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How To Splice Double Braid Line

Mooring warps, halyards, sheets, and plenty of other lines aboard all use double braid. Avoid weak knots by learning how to add an eye splice yourself.

Knots in lines are fine for occasional use, but a splice is better for more permanent use. A splice looks more seaman-like and doesn't affect the strength of the line nearly as much as a knot. Many lines these days are what are known as double braid — essentially an inner core with a cover on the outside. The core and cover share the load equally. Here's how to put an eye splice in double-braid line.

Technical Support

Degree Of Difficulty: Moderate to high

Tools and Materials:
  • Double braid splicing fids
  • Scissors
  • Knife
  • Masking tape
  • Permanent marker
  • Double-braid line

Time: About 30 mins, but you will get faster with practice.

Cost: Nothing, if you already have the tools and ­materials. A set of five good quality fids is around $50.

Splicing double-braided line step 1

1. Tie a slipknot about 15 feet from the end of the line, and loop it over a winch or cleat to hold it. Make a mark on the line one fid-length from the end.

Splicing double-braided line step 2

2. Form a loop or eye to the desired size then place a second mark opposite the first.

Splicing double-braided line step 3

3. Using a small fid, separate the strands of the cover at the second mark and pull out the core. (If the end of the line was melted when it was originally cut to length, trim this off with a sharp knife so the core moves freely.) Lay the cord and the cover alongside each other.

Splicing double-braided line step 4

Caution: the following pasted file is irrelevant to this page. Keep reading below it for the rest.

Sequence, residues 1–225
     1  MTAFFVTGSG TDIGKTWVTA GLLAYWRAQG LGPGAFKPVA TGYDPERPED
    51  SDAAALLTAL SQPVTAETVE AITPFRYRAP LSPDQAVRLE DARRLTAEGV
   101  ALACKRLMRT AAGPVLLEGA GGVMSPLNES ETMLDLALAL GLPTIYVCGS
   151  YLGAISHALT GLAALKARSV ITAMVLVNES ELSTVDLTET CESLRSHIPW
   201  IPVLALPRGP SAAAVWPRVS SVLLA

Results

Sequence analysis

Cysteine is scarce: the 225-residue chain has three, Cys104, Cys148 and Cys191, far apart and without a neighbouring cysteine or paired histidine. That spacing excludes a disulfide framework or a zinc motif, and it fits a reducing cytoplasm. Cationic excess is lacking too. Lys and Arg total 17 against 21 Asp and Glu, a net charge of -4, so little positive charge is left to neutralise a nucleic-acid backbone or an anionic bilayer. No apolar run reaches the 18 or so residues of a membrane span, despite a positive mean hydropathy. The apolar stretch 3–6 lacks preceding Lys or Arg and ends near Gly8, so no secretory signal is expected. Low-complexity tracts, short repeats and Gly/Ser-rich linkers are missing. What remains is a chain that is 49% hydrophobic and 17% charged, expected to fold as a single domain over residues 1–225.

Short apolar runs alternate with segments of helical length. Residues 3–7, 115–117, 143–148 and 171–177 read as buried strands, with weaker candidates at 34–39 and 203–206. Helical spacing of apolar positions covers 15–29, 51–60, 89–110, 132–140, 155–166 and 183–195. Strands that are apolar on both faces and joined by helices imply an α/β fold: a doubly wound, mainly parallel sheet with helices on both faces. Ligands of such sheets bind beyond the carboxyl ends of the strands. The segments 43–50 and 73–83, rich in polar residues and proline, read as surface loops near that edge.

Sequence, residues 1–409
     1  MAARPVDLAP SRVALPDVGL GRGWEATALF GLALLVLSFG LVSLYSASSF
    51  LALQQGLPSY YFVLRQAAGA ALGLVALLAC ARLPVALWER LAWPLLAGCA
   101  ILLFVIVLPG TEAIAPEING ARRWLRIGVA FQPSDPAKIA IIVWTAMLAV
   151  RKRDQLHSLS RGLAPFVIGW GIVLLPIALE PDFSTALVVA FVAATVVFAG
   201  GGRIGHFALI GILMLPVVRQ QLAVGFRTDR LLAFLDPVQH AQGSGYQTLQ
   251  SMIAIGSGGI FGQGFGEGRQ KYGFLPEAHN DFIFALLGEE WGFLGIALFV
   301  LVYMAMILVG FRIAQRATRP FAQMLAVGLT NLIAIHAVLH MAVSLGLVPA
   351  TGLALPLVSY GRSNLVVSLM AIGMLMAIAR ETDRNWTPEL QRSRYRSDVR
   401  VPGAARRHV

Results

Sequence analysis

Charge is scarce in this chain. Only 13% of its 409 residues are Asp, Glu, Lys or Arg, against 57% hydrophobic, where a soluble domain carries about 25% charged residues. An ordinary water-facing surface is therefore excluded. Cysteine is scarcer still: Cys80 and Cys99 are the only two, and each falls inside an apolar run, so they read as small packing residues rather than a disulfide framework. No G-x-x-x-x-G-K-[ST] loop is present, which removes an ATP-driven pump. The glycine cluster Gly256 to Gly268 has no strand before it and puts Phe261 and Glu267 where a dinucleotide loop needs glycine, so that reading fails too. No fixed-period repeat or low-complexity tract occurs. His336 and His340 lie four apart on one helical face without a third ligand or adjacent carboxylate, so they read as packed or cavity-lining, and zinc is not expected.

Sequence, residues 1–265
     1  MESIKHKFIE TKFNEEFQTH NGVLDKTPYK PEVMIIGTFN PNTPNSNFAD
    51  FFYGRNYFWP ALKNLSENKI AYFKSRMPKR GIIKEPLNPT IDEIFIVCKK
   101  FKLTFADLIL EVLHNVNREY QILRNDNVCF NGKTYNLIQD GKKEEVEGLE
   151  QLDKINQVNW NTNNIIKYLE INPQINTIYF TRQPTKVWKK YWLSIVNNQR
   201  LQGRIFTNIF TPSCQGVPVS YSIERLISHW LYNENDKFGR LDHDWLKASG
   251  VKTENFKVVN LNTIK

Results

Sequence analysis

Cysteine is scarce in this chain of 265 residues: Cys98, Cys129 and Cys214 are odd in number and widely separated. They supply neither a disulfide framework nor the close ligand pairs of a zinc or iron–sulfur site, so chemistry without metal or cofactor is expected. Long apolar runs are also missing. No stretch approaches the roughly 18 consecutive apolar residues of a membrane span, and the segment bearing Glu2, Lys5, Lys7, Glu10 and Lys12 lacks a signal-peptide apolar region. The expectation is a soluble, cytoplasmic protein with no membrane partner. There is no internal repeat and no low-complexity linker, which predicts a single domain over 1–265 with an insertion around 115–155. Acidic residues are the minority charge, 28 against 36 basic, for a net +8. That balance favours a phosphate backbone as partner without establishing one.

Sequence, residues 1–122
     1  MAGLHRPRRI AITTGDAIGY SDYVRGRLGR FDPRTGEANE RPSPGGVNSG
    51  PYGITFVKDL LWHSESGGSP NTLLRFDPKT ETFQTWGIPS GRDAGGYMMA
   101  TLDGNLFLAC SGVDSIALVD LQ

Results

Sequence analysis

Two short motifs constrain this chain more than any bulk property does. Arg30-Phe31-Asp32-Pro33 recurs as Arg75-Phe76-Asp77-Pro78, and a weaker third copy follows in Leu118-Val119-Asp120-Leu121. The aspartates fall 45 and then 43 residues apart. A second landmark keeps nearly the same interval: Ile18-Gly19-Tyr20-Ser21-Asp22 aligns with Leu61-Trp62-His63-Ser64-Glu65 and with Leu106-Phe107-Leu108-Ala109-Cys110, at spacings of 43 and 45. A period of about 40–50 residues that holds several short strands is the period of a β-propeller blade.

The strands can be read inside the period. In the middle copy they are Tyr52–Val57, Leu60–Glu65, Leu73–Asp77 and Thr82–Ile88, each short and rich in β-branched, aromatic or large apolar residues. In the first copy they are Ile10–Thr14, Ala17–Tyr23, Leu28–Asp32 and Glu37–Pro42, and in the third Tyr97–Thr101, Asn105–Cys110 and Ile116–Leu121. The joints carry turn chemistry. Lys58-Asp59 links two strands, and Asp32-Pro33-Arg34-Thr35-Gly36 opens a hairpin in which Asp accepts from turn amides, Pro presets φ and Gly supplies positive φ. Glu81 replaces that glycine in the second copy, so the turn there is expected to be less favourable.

4. Mark the core where it comes out of the cover (your third mark), then pull out a couple feet more and place a fourth mark on the core two-thirds of a fid length from the one you just made. That's where you will be inserting the cover into the core.

Splicing double-braided line step 5

5. Wedge the end of the core into the hollow end of a fid that matches the diameter of the core, then push the fid into the cover at the first mark. Work the fid down so that it exits the cover 1 to 2 inches past where the core exits.

Splicing double-braided line step 6

6. Pull about 6 inches of the core out of the hole. This begins to form your loop. Make sure that both sections of core are not snagged on one another and freely move within the core.

Splicing double-braided line step 7

7. Now, wedge the end of the cover into the fid, then feed it into the core at the second mark. Work it down one complete fid length before pulling it out of the core.

Splicing double-braided line step 8

8. Starting about 4 inches from the end, use a small fid to pull out about 8–10 random strands from the cover before trimming them off with scissors. This creates a neat splice with a taper.

Splicing double-braided line step 9

9. Pull on the end of the exposed core as you massage the junction of the core to cover the joint.

Splicing double-braided line finishing

10. To finish off the splice, work the cover back up the line until the exposed core with the cover inside pops back into the line. Pull a little on the core still hanging outside the line, trim with scissors, then tug on the eye to set the end back inside the core.

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Mark Corke

Contributing Editor, BoatUS Magazine

A marine surveyor and holder of RYA Yachtmaster Ocean certification, BoatUS Magazine contributing editor Mark Corke is one of our DIY gurus, creating easy-to-follow how-to articles and videos. Mark has built five boats himself (both power and sail), has been an experienced editor at several top boating magazines (including former associate editor of BoatUS Magazine), worked for the BBC, written four DIY books, skippered two round-the-world yachts, and holds the Guinness World Record for the fastest there-and-back crossing of the English Channel — in a kayak! He and his wife have a Grand Banks 32.